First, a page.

SEATTLE, Washington — The Coronavirus Aid, Relief and Economic Security (CARES) Act is offering funds for tech upgrades across the United States. This is incentivizing companies to adapt to new technology faster than before. There are some great breakthroughs that have already come from this concept. Here are four ways the world is using technology against the pandemic.
Ultraviolet Disinfection (UVD) robots kill 99.99% of bacteria in 10 to 15 minutes as it moves autonomously through the room. It uses Ultraviolet-C light to destroy the RNA in viruses and DNA in bacteria. Dr. Christiano Huscher, of the Policlinico Abano chains of hospitals in Italy, turned to the UVD robots after six doctors were infected with COVID-19. Dr. Huscher claims that none of his doctors, nurses or patients have gotten infected since he started using the UVD Robots. The robots come from Blue Ocean Robotics in Odense, Denmark. The company began developing these robots in 2014. Robots are just one way the world has adapted to using technology against the pandemic.
The Policlinico Abano clinics are not the only ones turning to UV light for disinfection. In New York City, the Metropolitan Transportation Agency (MTA) began a pilot program to use UV lamps to clean the city’s trains and buses as the city reopens in phases. The transportation agency announced on May 19 that it will use “150 dual-headed mobile devices” from PURO Lighting. The lamps will be used overnight when the city will be closing the trains from 1 a.m and 5 a.m.
As NBA players take to the court again in Orlando, all the players in the Orlando bubble will be wearing an Oura ring. An Oura ring is a $300 ring with tiny sensors that can detect signs or symptoms before the person gets sick. The company that created the rings claims proven reliability of 99.99% compared to electrocardiograms. The ring measures heart rate variations with 98.4% reliability, and it can detect temperature changes as small as .05 degrees. Oura donated thousands of these rings to front-line workers and first responders to test their capabilities.
Researchers at the Rockefeller Neuroscience Institute reported that the ring can predict illness up to three days before a person has a cough, fever or other symptoms. The University of California, San Francisco is conducting a study to help identify COVID-19 patterns to better improve the ring’s ability to detect the virus. The ring is not currently the end-all-be-all of COVID-19 testing. The symptoms associated with the virus are like the symptoms associated with the flu and other maladies. The Oura ring is just another process in the NBA’s rigorous screening process. The ring tracks the relative temperature as the person sleeps and shows the daily temperature trends via an app on the person’s cellphone.
Technology has played an important part in tracking coronavirus. Tools like migration maps use cellphones, mobile payment apps (i.e. Samsung Pay, Google Pay, Apple Pay, etc.) and social media to collect real-time information. This allowed the Chinese authorities to use technology against the pandemic by tracking people in Wuhan, the epicenter of the pandemic. By using machine learning models, China was able to use the acquired data to predict the transmission dynamic of COVID-19 and guide border checks and surveillance.
Sweden uses a platform for healthcare workers “to report real-time data” on patients with COVID-19, available personal protection equipment (PPE) and ventilators along with other information. This information is being shared across the country with authorities to determine the state of facilities, allocate resources and increase hospital bed capacity.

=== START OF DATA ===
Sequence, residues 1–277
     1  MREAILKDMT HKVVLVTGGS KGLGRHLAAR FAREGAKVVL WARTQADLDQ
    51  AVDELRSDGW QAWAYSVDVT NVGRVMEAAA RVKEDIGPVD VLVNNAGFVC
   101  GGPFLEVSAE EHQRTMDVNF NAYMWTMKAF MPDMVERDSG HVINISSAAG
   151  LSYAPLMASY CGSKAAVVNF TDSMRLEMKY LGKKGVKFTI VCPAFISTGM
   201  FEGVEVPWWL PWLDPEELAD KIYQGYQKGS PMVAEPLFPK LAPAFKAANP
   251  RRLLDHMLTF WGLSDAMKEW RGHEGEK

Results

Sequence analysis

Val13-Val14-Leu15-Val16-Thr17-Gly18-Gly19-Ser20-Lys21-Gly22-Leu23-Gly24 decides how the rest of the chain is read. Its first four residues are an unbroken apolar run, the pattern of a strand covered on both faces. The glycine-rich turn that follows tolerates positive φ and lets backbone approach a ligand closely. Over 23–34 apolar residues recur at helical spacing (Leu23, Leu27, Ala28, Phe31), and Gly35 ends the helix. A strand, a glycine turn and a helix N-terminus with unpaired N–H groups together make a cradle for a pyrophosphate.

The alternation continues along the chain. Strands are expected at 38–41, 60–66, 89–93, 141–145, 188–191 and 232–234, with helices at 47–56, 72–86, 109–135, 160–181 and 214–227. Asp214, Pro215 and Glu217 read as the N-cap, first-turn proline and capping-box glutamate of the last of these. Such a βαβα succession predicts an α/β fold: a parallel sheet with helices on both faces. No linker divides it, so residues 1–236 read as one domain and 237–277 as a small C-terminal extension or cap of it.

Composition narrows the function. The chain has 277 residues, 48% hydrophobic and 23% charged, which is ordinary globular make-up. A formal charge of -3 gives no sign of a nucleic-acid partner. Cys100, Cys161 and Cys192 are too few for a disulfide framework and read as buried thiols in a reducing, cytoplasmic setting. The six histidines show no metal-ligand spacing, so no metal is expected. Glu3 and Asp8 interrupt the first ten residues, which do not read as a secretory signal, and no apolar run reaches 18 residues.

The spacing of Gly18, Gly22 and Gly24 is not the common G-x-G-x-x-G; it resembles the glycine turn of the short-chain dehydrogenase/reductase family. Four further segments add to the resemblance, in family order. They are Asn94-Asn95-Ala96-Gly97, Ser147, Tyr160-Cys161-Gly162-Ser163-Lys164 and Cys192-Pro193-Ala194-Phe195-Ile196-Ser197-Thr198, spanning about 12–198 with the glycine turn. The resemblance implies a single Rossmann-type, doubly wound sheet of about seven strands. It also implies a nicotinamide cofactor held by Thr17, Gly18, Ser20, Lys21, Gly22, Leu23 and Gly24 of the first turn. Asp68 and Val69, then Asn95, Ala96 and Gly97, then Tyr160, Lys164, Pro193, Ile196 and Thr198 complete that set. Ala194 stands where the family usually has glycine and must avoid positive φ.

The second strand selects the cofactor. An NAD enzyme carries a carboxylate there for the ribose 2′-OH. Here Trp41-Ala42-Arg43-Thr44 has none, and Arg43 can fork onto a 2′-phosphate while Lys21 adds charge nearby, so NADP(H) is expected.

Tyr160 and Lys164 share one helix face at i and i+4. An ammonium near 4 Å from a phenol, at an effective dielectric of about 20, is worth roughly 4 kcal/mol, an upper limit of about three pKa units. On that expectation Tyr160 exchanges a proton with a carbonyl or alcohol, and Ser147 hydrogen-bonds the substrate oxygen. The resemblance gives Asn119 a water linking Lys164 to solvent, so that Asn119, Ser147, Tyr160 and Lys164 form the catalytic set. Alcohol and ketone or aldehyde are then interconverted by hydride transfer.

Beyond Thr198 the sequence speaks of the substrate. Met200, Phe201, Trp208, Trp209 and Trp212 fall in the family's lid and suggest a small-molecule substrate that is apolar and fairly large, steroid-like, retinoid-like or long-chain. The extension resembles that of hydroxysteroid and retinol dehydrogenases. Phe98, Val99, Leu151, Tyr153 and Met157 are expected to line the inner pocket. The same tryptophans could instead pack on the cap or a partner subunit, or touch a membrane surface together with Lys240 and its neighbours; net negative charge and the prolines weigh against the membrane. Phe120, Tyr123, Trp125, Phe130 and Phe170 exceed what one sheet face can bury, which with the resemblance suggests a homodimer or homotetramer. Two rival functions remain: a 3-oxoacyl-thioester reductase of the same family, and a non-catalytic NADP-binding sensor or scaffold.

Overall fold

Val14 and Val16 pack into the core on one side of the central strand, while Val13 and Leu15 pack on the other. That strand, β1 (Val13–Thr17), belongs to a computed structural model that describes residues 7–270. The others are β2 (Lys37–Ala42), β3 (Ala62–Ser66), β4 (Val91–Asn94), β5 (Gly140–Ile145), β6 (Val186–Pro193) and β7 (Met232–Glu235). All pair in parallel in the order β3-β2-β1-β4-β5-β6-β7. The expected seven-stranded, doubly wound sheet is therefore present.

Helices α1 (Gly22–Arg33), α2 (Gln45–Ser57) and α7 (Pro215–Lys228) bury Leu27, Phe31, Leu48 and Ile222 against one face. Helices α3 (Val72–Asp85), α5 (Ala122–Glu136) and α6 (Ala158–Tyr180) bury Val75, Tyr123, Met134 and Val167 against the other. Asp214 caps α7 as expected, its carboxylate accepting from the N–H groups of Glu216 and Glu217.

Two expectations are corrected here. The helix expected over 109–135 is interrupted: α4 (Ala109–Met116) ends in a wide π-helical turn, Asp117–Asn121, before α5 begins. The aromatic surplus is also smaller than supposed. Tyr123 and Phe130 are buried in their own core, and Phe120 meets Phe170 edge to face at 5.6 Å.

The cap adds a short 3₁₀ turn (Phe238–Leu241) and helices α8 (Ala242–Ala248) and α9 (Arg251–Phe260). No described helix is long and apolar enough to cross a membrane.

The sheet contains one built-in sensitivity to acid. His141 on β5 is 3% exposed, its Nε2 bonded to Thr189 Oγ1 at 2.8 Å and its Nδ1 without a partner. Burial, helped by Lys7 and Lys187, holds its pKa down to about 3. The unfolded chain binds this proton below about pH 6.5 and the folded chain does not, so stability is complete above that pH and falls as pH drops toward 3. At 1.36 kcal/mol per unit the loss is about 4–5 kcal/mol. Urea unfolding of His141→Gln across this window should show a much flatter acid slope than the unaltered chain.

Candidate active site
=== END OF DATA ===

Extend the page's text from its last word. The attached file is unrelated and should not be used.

“UpCode uses data provided by the Singapore Ministry of Health to depict infection trends across age, sex, and location, and to plot the recovery time of infected individuals.” John Hopkins University’s coronavirus dashboard and HealthMap provide “up-to-date visuals of cases and deaths around the globe.” Artificial Intelligence (AI) algorithms also allow the incorporation of the effect of the climate into the projected data.
The way the ill seek treatment from their physicians has changed the way people are using technology during the pandemic. To reduce exposure to infected people, cut down on PPE usage and minimize the number of patients in the hospitals, the healthcare industry has turned to telehealth. Telehealth reduces the transmission risks of COVID-19 while allowing healthcare personnel (HCP) to care for patients.
Telehealth is not new, but like a lot of communication-based technology, it has come to the forefront during the quarantine. The obvious benefit of telehealth is that it increases social distancing. It allows doctors to screen potential COVID-19 patients and refer them to the appropriate course of action. It also allows for therapists and psychiatrists to continue the treatments and consultations with their patients. Telehealth allows professionals to provide education and training for other HCP, especially those in rural areas. There are limitations to Telehealth, such as the patient’s or HCP’s familiarity or level of comfort with technology and their level of access to technology and the internet.
Overall, there have been advances in technology that have helped the world begin to cope with COVID-19. Using technology against the pandemic is one small way that people can begin to normalize their lives again. Essential services like being able to speak to a doctor or therapist through Telehealth and UVD Robots protecting frontline workers are just some ways that technology can help combat COVID-19.